The main actor class is a plain C# class for all actors. It contains all actor state and is therefore the only class involved in actor saving and loading.
A GameObject prefab is defined for each Actor Type. These prefabs are loaded into memory when the game starts. They use composition in a limited manner, typically having only Transform, SpriteRenderer, and Animator components. When a new actor is created, the corresponding Actor Type GameObject is instantiated and associated with the actor.
A ScriptableObject prefab is defined for each actor type’s definition data. Composition is employed here as well, though it is not supported “out of the box” by Unity, at least not in the way I’m using it. The technique is to add a field to the ScriptableObject that is a parent class or interface, and create custom editors to enable an inherited class (or implementing class in the case of interfaces) to be selected from a dropdown. Reflection is used to get all of the subclasses and populate the dropdown. When an actor is created in the game, Activator.CreateInstance is used to instantiate the class. This allows me to define an actor’s AI and abilities, for example, in the editor instead of in code.
This isn’t an elegant solution, but it addresses the things that were bothering me about the previous architecture, namely redundant type data in each actor instance, having to use MonoBehaviours or ScriptableObjects for composition but not being able to easily save/load component state data, inadequate information hiding, circular dependencies, and unclear division of responsibilities between the different classes comprising actors. The drawbacks of this solution are having to maintain two prefabs for each actor type and not doing composition the “Unity way” with MonoBehaviours.
All Unit Tests Passing, More Unit Tests Added
I’m repeating myself from previous posts, but the unit tests have been well worth the investment in time.
Next week, the plan is to finish the class selection and load game screens. There are still some things that are broken from refactoring and I need to fix those too.
Last week I started a major refactoring to make it easier to add new features, reduce the number of bugs introduced from poorly architected code, and decrease average troubleshooting time. I made massive progress on this effort this week thanks to having three days off from work.
When I started developing Legend over a year ago, I used some source code from a Unity tutorial, most of which has since been culled or replaced. The source code included a GameManager class. I wasn’t sure what the appropriate use of this class was in Unity, and over time it grew into a 2000-line monstrosity and a textbook example of how to misuse singletons. It contains game turn management, multiple finite state machines, movement and combat logic, public references to other classes such as the map class (making the classes globally accessible), and miscellaneous utility methods. I began dismantling the GameManager class this week. It’s been a painful process but well worth the effort because it’s greatly reducing cognitive load.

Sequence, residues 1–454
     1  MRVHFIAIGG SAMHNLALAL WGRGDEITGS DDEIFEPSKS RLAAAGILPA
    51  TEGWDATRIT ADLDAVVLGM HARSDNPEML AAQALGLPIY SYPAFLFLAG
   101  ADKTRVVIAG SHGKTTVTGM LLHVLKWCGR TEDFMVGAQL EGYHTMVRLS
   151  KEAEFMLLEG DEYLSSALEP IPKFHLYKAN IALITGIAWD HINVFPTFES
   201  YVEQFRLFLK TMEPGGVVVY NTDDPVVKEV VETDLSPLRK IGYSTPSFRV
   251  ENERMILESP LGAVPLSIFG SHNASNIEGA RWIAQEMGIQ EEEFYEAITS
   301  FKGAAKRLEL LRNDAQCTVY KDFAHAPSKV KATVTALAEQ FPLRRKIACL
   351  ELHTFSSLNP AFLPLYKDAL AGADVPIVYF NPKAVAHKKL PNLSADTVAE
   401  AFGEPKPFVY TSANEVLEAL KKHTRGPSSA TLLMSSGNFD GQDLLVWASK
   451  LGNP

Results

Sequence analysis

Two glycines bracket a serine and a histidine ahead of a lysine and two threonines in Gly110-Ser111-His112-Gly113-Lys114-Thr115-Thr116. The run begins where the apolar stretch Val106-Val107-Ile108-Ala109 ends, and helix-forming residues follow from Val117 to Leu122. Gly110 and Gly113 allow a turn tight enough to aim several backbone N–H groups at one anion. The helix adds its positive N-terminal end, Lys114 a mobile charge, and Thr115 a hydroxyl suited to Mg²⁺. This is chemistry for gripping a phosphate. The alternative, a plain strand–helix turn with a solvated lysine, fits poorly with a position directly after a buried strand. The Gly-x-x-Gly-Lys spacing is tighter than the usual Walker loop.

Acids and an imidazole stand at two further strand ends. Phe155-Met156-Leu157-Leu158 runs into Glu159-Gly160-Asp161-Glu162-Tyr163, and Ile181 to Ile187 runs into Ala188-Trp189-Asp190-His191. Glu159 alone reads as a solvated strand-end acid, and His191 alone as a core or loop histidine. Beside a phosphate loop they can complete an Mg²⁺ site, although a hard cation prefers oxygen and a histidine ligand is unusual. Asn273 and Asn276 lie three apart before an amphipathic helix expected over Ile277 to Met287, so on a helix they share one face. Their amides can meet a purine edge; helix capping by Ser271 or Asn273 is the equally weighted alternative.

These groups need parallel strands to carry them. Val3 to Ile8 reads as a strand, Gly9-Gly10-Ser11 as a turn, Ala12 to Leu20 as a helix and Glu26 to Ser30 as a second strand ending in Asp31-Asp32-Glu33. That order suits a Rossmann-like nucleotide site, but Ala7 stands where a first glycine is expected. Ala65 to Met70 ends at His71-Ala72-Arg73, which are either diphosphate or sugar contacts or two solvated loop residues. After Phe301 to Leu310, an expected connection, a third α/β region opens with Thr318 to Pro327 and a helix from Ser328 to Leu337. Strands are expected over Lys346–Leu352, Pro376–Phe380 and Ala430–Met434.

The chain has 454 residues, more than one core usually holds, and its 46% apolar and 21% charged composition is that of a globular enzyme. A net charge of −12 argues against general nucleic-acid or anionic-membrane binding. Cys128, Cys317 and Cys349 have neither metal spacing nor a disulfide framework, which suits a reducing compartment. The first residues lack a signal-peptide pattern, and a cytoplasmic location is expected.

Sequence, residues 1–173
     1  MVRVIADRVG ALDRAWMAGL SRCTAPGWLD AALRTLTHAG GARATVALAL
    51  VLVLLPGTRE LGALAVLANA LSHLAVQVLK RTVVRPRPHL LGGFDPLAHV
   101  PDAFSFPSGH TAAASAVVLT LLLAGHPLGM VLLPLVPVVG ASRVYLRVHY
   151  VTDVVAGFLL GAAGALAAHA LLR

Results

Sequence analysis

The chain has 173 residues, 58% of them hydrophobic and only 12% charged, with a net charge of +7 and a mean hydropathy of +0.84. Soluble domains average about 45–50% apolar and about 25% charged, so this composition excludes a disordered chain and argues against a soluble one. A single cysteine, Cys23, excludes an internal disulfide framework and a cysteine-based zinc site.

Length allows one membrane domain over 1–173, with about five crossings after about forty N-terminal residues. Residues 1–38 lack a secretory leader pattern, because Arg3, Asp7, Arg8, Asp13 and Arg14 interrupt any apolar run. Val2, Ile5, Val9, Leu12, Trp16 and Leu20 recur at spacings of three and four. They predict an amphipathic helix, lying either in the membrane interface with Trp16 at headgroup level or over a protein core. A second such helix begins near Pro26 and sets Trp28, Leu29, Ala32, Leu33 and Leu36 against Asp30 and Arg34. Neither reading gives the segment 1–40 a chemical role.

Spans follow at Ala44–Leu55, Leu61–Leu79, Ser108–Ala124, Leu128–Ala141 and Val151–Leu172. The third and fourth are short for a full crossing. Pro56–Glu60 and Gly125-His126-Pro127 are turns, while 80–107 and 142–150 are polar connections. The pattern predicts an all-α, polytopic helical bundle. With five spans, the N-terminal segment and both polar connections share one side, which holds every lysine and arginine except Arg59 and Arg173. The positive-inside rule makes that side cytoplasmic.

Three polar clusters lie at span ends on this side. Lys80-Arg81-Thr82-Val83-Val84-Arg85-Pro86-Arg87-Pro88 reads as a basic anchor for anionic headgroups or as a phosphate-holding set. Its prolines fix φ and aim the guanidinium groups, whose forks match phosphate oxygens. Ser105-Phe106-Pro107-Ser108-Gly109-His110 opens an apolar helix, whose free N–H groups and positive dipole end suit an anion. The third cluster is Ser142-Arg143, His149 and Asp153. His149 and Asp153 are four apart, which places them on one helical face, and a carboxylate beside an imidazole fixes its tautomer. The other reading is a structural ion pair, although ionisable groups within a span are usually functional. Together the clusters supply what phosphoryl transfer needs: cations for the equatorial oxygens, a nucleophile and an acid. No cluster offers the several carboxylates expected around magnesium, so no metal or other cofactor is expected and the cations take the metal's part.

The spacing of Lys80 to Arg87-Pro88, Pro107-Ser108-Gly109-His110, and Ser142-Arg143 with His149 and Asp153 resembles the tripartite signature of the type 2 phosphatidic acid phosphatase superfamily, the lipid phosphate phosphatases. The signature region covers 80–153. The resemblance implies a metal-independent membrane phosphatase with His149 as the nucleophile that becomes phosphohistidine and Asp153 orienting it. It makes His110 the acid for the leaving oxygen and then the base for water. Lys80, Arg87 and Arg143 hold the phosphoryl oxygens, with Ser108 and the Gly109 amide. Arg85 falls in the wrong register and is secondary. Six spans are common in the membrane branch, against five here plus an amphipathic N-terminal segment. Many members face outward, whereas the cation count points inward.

I added one new feature this week: when the map is fully revealed by a “reveal map” scroll, the revealed map locations are shown with a blue tint to distinguish where the player has and hasn’t been.Here’s an example:
I moved the legendrl.com website to a new host, SiteGround, because the website was extremely slow on the former host. The site is much faster now!
Next week I’ll complete the major refactoring and squeeze in a new feature or two.
Work on the new map generator is winding down, finally! I recently added a feature to visualize the graph structure of the generated maps. This has been a huge help in analyzing the map flows and determining where to place various elements. Each time a new map is generated, an image file of the graph is created using Graphviz () and a screenshot of the map is taken. Here’s an example of a generated map and the associated graph:
Another feature of the new map generator is the ability to watch the map generate step-by-step. This feature has helped immensely in finding map generation bugs and improvements. I’ll put together a video for the next Sharing Saturday.
Next week, with the recently developed map visualization features, I’ll be fine-tuning the map generation parameters and experimenting with lock and key placement.